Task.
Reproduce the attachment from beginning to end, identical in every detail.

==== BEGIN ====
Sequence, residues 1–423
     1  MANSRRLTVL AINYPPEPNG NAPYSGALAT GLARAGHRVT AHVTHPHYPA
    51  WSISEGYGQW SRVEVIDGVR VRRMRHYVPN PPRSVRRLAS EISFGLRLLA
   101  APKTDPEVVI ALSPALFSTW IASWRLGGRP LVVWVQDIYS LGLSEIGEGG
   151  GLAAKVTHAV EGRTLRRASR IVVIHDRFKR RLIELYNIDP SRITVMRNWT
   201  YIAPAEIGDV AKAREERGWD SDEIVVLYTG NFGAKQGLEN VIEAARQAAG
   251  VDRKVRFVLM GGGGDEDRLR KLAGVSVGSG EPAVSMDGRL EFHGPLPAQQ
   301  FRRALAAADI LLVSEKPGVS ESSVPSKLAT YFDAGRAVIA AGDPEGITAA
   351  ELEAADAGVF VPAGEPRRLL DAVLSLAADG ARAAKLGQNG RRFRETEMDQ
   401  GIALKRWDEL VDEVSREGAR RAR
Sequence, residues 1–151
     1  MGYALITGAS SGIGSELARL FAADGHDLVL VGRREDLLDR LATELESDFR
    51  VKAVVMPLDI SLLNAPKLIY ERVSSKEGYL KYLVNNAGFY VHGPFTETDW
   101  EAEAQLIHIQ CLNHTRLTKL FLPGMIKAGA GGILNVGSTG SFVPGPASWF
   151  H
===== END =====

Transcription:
Sequence, residues 1–423
     1  MANSRRLTVL AINYPPEPNG NAPYSGALAT GLARAGHRVT AHVTHPHYPA
    51  WSISEGYGQW SRVEVIDGVR VRRMRHYVPN PPRSVRRLAS EISFGLRLLA
   101  APKTDPEVVI ALSPALFSTW IASWRLGGRP LVVWVQDIYS LGLSEIGEGG
   151  GLAAKVTHAV EGRTLRRASR IVVIHDRFKR RLIELYNIDP SRITVMRNWT
   201  YIAPAEIGDV AKAREERGWD SDEIVVLYTG NFGAKQGLEN VIEAARQAAG
   251  VDRKVRFVLM GGGGDEDRLR KLAGVSVGSG EPAVSMDGRL EFHGPLPAQQ
   301  FRRALAAADI LLVSEKPGVS ESSVPSKLAT YFDAGRAVIA AGDPEGITAA
   351  ELEAADAGVF VPAGEPRRLL DAVLSLAADG ARAAKLGQNG RRFRETEMDQ
   401  GIALKRWDEL VDEVSREGAR RAR
Sequence, residues 1–151
     1  MGYALITGAS SGIGSELARL FAADGHDLVL VGRREDLLDR LATELESDFR
    51  VKAVVMPLDI SLLNAPKLIY ERVSSKEGYL KYLVNNAGFY VHGPFTETDW
   101  EAEAQLIHIQ CLNHTRLTKL FLPGMIKAGA GGILNVGSTG SFVPGPASWF
   151  H